I’m concerned that my child’s prescription for short-sightedness (myopia) keeps increasing. Is there anything I can do about this?
Myopia in children is an issue of global concern, and rates of myopia and increasing around the world. It is estimated that if current prevalence rates of myopia continue, there will be over 2.5 billion people with myopia by 2020. Of even greater concern is the rate of high myopia, which was less than 3% of the world population in 2010 but is estimated to grow to 10% by 2050. High myopia significantly increases the risk of serious eye diseases such as retinal detachment, cataract and myopic macular degeneration. So if your child is myopic it is important that their level of myopia be kept as low as possible, and concerns regarding increasing myopia are certainly justified.
There are two main risk factors for developing myopia in the first place, namely lifestyle and family history. Modern lifestyles may influence the development of myopia, especially where children spend little time outdoors, and also when they perform prolonged near tasks such as viewing digital devices and reading. So if your child is not already myopic, you can help by ensuring they spend enough time outdoors (1-2 hours a day) and avoiding excessive time on concentrated near tasks.
There are currently three main options for slowing the progress of myopia. These are orthokeratology using rigid gas permeable contact lenses, soft multifocal contact lenses, or atropine eye drops. The two contact lens options also offer the benefit of providing clear distance vision because they correct myopia as well as slow it down; atropine drops slow myopia down but glasses are still required to see clearly in the distance. Sometimes atropine drops are used in conjunction with one of the contact lens options, although the evidence is not completely clear at this stage whether using two strategies has an additional effect. None of these strategies reverses myopia or stops its progression completely, but it is important to slow progression as much as possible.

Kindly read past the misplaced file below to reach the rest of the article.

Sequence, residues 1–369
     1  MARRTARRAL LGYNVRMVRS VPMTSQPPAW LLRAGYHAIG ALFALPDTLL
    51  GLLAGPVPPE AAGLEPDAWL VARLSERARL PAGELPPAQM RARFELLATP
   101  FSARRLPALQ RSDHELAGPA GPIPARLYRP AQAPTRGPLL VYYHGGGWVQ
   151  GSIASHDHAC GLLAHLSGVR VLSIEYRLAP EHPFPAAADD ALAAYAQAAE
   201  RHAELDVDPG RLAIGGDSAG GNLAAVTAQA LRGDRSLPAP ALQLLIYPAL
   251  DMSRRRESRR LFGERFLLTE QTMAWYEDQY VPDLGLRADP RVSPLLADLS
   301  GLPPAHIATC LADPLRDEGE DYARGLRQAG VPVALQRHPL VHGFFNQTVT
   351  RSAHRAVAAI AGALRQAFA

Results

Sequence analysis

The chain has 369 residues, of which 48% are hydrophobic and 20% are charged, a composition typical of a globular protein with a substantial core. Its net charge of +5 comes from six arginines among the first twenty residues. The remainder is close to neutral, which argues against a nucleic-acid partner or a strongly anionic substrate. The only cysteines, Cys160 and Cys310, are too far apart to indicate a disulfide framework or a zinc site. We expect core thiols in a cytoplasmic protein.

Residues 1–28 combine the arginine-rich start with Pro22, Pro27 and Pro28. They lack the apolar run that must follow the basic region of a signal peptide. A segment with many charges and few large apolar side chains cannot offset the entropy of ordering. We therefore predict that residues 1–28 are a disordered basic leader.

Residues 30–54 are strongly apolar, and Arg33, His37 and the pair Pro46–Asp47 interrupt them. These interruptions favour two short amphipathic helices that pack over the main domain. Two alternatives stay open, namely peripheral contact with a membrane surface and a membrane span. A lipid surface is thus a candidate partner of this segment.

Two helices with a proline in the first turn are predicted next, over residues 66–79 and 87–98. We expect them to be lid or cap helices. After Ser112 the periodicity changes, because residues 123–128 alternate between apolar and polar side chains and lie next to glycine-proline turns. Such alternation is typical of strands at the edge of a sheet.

Orthokeratology involves the overnight wear of contact lenses while sleeping. These lenses have the effect of flattening the cornea, the tissue at the front of the eye, thereby correcting myopia and providing clear distance vision. Ortho k slows myopic progression by creating blur on the peripheral sections of the retina. This has the effect of slowing down myopia (the wearer is generally unaware of this peripheral blur). Soft multifocal lenses are worn during the day and also have the effect of providing clear distance vision but blurring the peripheral retina. Soft lenses are usually provided in daily disposable form.
Parents are often concerned whether their child is too young to wear contact lenses, but studies have shown that children aged 8-12 wearing contact lenses conform to instruction slightly better than old children. Of course not all children are suited to contact lens wear, but generally speaking, age should not be a barrier to wearing lenses safely and successfully.
If you are interested in learning more about myopia control and how it may be of benefit to your child we encourage you to schedule an appointment with one of our optometrists